Pre-Christmas statements from the Kremlin have challenged the dogmas of Finland’s foreign and security policy and have electrified the debate on possible NATO membership.
In December, Russia gave an ultimatum that NATO should commit itself not to expand eastwards. Later, Kremlin spokesperson, Maria Zakharova, reiterated the ultimatum by saying that the NATO membership of Finland and Sweden would have “grave political and military consequences”.
In his traditional New Year’s address, President Sauli Niinistö made it clear that Finland’s room for manoeuvre and freedom of choice remains intact, According to him, those “include the possibility of military alignment and of applying for NATO membership, should we ourselves so decide” and that there is no room for “spheres of interest” in this day and age.
The president also showed his frustration and disappointment over the modest role of Europe and the EU in the current situation he considers serious. He pointed out that when the sovereignty of member states, including Finland and Sweden, has been challenged, it makes the EU an involved party.
“Are we being discussed without us being included,” asked the president adding “Europe cannot just listen in” and “settle merely with the role of a technical coordinator of sanctions”.
In her New Year’s message, Prime Minister Sanna Marin (SDP) said that “we will not let go of our room for manoeuvre”.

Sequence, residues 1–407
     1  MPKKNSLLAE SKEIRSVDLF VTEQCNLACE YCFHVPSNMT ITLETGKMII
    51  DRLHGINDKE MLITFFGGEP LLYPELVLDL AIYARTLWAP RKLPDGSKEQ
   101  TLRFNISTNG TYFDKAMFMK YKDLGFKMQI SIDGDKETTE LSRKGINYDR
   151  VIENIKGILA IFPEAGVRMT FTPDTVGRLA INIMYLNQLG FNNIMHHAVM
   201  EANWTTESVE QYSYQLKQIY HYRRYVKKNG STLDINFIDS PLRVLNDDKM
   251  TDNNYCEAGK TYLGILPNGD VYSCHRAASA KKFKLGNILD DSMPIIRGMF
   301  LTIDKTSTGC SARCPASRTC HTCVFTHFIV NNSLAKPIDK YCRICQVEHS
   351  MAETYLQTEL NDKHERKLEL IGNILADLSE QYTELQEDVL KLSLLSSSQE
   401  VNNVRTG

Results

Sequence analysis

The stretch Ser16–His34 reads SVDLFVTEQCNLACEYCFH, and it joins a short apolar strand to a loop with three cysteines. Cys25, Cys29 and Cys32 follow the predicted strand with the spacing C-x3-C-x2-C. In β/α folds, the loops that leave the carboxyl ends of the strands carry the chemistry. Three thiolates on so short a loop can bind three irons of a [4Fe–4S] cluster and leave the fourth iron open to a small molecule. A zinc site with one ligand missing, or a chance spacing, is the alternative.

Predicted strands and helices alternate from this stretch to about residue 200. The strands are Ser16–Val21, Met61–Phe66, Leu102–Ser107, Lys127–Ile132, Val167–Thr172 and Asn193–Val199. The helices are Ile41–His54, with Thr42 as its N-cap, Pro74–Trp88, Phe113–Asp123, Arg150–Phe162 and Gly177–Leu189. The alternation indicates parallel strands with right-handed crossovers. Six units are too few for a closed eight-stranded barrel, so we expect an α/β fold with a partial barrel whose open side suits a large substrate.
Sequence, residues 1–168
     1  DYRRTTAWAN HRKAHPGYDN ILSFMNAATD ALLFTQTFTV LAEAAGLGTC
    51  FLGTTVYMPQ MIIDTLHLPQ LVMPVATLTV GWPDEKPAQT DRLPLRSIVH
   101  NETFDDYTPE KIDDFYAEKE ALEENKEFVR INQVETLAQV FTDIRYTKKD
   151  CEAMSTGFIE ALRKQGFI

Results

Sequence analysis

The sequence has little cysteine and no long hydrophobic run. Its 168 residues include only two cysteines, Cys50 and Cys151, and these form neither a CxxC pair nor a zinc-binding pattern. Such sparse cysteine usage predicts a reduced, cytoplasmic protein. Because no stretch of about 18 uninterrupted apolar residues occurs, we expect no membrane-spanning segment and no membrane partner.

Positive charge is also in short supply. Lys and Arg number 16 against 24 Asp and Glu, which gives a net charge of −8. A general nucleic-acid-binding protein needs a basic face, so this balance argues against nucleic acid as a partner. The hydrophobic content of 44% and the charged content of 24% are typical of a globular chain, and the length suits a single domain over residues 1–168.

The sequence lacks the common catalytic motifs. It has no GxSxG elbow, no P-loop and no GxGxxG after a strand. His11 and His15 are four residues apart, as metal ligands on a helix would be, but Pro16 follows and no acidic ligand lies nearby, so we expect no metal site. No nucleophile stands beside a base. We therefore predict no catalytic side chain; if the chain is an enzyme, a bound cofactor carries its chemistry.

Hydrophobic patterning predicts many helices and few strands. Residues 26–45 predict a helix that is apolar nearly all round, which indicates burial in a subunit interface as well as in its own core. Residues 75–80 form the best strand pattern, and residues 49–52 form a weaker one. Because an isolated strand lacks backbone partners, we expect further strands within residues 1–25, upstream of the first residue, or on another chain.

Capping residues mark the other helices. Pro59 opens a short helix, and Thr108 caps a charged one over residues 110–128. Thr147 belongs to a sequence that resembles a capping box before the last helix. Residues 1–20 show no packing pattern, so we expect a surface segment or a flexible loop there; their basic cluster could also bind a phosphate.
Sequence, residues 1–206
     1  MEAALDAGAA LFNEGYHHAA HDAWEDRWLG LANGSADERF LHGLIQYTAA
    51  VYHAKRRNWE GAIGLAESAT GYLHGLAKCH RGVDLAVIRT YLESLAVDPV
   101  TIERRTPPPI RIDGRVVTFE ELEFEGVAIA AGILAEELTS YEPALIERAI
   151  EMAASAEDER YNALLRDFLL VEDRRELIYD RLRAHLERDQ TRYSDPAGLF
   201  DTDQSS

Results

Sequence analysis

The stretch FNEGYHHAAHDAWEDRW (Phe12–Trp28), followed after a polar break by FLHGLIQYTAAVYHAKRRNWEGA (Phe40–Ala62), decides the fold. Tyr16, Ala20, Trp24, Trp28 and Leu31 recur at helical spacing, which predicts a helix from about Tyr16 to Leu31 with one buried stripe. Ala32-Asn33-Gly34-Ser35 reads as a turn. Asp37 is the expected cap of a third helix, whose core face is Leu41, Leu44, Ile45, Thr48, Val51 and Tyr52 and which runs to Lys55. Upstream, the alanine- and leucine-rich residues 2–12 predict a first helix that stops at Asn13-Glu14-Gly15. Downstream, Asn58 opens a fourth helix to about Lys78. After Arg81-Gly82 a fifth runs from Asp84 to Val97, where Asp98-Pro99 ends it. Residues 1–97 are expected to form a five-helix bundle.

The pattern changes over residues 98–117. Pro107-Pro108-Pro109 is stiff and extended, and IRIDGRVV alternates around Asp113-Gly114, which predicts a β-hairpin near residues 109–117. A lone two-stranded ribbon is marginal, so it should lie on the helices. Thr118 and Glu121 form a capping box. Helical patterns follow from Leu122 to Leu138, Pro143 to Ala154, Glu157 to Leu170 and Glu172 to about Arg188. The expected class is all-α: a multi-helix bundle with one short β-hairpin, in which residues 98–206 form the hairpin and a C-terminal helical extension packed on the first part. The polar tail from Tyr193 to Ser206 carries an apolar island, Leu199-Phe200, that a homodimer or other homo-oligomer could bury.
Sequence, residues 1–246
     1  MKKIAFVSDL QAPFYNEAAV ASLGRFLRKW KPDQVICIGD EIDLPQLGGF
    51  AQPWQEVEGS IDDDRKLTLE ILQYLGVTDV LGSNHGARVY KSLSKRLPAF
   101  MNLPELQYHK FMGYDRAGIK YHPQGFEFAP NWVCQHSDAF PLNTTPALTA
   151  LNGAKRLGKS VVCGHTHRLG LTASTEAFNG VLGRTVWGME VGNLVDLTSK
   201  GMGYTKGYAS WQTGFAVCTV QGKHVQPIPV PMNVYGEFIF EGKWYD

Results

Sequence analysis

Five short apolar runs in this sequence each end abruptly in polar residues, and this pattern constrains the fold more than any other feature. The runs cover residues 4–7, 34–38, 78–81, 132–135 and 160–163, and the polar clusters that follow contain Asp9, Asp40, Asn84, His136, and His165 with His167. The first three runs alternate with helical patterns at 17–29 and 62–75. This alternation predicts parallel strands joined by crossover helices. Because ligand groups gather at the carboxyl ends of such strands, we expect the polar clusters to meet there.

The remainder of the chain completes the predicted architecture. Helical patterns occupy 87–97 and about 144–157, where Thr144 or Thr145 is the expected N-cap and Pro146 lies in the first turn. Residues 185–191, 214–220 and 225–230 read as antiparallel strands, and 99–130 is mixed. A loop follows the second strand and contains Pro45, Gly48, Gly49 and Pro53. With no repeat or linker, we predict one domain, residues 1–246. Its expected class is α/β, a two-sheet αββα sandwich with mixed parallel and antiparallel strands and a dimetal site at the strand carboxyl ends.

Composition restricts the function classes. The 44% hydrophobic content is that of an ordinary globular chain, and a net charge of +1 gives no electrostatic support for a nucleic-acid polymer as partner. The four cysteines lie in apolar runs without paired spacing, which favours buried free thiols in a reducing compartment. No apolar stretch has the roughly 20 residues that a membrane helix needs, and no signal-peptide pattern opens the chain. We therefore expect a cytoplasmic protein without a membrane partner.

Petteri Orpo, the Chair of the liberal-conservative National Coalition Party, said his party has supported membership “already for more than 15 years” and demanded other parties to provide content for the debate on security policy and open their stance on NATO.
In his blog, the Chair of the parliamentary group of the Swedish People’s Party, Anders Adlercreutz, wrote that NATO discussion in Finland is turning into a farce and preparations for an application should be commenced without delay.
The Chair of the Greens’ parliamentary group, Atte Harjanne, expressed his support for joining NATO and said the membership of Finland and Sweden would increase European stability. As a party, the Greens are somewhat divided over NATO.
Comments from the social democrats and the Centre Party have been more muted and emphasised calm and avoiding quick conclusions.
(Pekka Vänttinen | EURACTIV.com)